Yemen's National Dialogue Behind Closed Doors
Wednesday, June 19, 2013, This post was originally posted at MENA source by the Atlantic Council.
Yemen’s National Dialogue Conference (NDC), which began on March 18 and just reached the halfway point of its six-month mandate, was conceived as a core part of the transition process and is intended to bring together Yemen’s diverse political, social, geographic, and demographic groups to address the most critical issues plaguing the beleaguered country. Unfortunately, the way the dialogue was developed, designed, and directed created intrinsic flaws that may undercut its success. Some argue that the large number of participants and the lack of genuine representation outside of political parties are the reasons it is doomed for failure. Others feel that the process is advancing too quickly, leaving honest reconciliation out of the equation. One of the other major concerns is the lack of clear communication with the Yemeni public, transparency of the proceedings, and oversight of expenditures.
Although some Yemen experts remain pessimistic about the future of the country, they refrain from critiquing the dialogue because the outcome is still unclear and many perceive the dialogue as the only way to prevent a descent into civil war. Particularly because the process is opaque and because there is genuine skepticism about the Gulf Cooperation Council (GCC) transition agreement and the dialogue itself, the NDC should pro-actively report on all working group and plenary proceedings, publish all records and modifications, and disclose all financial contributions and allocations. This is the time to measure the discrepancy between the dialogue’s stated intention and the reality on the ground, if there is hope for effective progress.
The Technical Committee of the National Dialogue clearly stated in a December 2012 statement that the NDC will have its own radio and television channel; however, this promise was never fulfilled. Instead, the NDC opted for the use of modern social media sites like Twitter, Facebook and YouTube, catering exclusively to the international community and the less than 15 percent of Yemenis who use the internet. Since March 18, not a single Facebook NDC post received more than nine comments.
Although the Dialogue’s Secretariat has tried to provide some information on its website, there is a tendency to understate or leave out important details that relinquishes crucial information to the interpretations of partisan media outlets. While some facets of the dialogue are downplayed, others are entirely omitted. For instance, the final reports of the nine working committees remain unofficial; some reports have surfaced, but only because they have been leaked. Also, there is no updated official list of participants available on the website or elsewhere since approximately thirty members of the NDC withdrew and/or were replaced. Likewise, there is no official record of all organizations and agencies “supporting” the NDC, like the United Nations (UN), World Bank, and United States Agency for International Development (USAID).
The lack of disclosure raises many important questions regarding the nature and amount of support that international organizations are providing. For example, the high-end Movenpick Hotel is the official NDC venue and it is reportedly packed with foreign governance experts and consultants who are being handsomely compensated, but little is known regarding the affiliation of these experts, what technical assistance they are offering Yemenis, or whether their role is beneficial and effective. With no answers in plain sight, it is easy to accuse the NDC of the selective concealment of facts.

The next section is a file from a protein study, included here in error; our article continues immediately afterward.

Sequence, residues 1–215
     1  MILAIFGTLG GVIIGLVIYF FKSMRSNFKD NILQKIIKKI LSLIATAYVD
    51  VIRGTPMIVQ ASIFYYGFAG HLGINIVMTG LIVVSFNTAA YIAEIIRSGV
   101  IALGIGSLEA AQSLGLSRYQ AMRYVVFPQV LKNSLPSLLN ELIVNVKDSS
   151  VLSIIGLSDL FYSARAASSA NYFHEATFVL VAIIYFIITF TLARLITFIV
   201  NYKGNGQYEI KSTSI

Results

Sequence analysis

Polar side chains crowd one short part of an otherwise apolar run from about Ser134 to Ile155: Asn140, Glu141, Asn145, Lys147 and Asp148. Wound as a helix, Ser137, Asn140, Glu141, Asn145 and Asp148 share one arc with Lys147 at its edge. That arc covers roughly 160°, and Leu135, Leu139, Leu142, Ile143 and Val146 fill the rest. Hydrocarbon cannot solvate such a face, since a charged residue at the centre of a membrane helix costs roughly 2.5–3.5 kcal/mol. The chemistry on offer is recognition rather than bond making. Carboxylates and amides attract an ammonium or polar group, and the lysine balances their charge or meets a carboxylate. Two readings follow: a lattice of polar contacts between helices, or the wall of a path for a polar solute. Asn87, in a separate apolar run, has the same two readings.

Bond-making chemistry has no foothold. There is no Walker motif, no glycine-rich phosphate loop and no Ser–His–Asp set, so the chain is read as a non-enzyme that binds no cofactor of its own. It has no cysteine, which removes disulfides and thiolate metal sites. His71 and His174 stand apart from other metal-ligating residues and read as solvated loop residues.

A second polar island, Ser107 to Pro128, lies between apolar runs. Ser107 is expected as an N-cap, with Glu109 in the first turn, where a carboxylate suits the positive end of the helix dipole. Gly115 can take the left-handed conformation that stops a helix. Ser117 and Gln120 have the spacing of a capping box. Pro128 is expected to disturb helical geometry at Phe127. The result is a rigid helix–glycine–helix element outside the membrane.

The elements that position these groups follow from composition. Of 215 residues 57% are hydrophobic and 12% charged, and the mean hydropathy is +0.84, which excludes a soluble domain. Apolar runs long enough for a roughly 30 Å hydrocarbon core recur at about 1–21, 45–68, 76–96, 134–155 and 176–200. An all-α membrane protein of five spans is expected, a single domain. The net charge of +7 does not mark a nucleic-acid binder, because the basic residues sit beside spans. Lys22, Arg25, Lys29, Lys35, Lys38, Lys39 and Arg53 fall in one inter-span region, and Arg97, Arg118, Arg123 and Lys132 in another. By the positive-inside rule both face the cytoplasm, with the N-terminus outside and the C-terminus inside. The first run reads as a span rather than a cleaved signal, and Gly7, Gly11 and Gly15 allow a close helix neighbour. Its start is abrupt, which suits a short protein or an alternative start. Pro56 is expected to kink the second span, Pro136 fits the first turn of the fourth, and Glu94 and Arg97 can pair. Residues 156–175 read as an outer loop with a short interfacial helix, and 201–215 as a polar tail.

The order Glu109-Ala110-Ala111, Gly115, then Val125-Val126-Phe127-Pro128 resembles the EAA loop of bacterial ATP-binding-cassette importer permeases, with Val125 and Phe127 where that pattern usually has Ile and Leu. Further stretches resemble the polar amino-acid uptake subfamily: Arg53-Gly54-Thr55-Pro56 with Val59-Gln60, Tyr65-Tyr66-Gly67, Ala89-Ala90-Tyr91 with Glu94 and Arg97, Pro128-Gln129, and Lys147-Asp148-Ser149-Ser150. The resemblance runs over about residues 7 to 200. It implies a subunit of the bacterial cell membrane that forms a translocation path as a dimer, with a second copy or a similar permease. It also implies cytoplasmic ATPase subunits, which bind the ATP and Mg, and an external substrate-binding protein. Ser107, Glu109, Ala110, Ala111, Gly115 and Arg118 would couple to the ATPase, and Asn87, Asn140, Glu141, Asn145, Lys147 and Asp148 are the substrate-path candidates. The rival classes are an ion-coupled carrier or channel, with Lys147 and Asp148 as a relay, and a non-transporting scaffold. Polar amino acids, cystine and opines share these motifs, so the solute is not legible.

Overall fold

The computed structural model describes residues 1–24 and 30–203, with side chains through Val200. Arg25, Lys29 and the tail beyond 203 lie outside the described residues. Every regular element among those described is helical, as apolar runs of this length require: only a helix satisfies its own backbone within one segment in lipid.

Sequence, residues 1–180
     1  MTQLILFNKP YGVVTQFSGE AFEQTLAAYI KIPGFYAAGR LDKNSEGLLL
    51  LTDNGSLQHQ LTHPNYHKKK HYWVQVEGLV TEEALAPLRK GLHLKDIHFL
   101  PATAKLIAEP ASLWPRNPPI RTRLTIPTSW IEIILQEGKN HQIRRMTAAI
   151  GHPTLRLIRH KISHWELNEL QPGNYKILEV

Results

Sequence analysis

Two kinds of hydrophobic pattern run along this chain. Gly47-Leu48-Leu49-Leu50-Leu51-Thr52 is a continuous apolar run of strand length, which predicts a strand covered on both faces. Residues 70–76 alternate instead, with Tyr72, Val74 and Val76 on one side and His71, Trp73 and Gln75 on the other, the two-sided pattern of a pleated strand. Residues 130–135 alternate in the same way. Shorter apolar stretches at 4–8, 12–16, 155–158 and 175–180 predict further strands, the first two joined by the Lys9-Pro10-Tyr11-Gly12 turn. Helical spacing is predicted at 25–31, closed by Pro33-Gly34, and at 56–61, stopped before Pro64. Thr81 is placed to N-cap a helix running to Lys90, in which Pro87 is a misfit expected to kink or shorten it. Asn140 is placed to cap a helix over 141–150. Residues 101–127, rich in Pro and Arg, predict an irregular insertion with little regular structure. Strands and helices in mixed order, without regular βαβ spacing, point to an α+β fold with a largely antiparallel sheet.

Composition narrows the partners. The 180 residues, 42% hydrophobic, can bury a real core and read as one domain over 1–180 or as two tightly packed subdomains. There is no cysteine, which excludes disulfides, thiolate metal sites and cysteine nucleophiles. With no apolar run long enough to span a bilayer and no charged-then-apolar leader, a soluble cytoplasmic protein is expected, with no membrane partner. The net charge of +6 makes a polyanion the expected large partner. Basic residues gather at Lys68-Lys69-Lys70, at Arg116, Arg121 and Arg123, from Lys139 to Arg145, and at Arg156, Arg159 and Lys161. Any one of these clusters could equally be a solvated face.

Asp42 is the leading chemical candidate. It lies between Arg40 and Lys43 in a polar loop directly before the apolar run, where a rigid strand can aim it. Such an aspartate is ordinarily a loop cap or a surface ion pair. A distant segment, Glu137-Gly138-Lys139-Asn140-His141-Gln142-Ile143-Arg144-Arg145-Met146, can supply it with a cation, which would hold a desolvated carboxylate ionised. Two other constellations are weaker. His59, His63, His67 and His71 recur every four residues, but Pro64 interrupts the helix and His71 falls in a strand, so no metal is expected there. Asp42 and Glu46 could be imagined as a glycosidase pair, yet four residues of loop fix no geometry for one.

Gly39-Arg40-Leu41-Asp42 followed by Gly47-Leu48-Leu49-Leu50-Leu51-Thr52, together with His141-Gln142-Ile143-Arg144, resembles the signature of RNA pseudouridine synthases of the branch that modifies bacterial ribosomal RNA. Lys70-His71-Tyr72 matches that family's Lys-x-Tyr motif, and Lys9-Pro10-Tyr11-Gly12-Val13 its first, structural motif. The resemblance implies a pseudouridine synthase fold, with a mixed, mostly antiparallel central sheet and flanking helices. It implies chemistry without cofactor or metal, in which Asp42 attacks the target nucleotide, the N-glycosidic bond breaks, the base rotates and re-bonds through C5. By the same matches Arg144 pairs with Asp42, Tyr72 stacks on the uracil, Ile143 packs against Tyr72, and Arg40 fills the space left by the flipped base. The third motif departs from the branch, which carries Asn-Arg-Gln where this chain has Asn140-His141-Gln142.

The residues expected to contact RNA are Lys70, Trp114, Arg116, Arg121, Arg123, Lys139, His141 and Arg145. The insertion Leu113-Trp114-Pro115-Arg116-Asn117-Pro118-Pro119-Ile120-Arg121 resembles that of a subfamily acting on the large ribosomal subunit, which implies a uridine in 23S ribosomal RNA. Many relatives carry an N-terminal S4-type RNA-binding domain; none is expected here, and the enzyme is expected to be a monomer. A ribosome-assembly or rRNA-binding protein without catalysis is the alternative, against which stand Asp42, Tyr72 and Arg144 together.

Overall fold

This shortage of information and lack of community is still at times blamed on budget constraints even though the NDC’s official website reports that a total of 138 computers, thirty-five laptops and 225 cell phones were purchased. The initial budget for the NDC was an estimated $35 million dollars and according to more recent reports, $29 million has already been utilized. It is public knowledge that members of the NDC residing in Sana’a are compensated $100 per day and those residing outside of Sana’a are compensated a $180 per day. Millions are being spent on honoraria for members of the dialogue, compensation for foreign expertise, and the administrative expenses of the day-to-day operations; yet there is no easily accessible source of information regarding these expenses and the overall budget for the dialogue. This transparency is important not only for the NDC, but also because such practices would set a positive precedent as a possible blueprint for how the next Yemeni government will budget, spend, and monitor its public funds. Without budget transparency, the average Yemeni has little reason to trust the dialogue, the transitional process, or any future government.
Just like the dialogue, transparency is a process, and in the NDC’s case, it is one that needs constant cultivation. The main facilitator of the GCC initiative and UN’s special envoy to Yemen, Jamal Ben Omar, asserts that the NDC is the most successful transitional process in the Arab World and the only transparent process that will provide real outcomes. Yet, in several interviews, he had to dismiss rumors claiming that the outcome has been predetermined or that the solutions will be determined by the old ruling elites outside the NDC process. These assertions gain steam among the public because of the obscurity surrounding the NDC; the only way to ensure a successful transitional process is to engage the Yemeni people – openly, actively, and with a genuine spirit of inclusivity. Transparency does not guarantee the success of the dialogue, but it is a fundamental requirement to gain the trust of the Yemeni people.